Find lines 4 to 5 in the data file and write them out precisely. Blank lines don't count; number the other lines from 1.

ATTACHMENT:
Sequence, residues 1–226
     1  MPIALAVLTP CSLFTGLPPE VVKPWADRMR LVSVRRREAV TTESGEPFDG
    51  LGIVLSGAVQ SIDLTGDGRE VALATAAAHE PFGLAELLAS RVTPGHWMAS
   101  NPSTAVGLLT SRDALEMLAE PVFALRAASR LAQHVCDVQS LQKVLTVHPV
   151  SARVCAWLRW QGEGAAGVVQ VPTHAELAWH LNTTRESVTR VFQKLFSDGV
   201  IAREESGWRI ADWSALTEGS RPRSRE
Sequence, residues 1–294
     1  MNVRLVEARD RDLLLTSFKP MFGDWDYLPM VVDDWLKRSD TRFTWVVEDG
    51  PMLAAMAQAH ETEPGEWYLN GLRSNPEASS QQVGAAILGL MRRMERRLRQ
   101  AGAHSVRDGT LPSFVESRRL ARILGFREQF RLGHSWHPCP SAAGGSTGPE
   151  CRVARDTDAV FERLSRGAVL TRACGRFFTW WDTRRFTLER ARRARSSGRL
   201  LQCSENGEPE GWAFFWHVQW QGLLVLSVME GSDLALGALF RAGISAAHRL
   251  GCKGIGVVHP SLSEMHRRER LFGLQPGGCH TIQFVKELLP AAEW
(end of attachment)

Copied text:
   101  NPSTAVGLLT SRDALEMLAE PVFALRAASR LAQHVCDVQS LQKVLTVHPV
   151  SARVCAWLRW QGEGAAGVVQ VPTHAELAWH LNTTRESVTR VFQKLFSDGV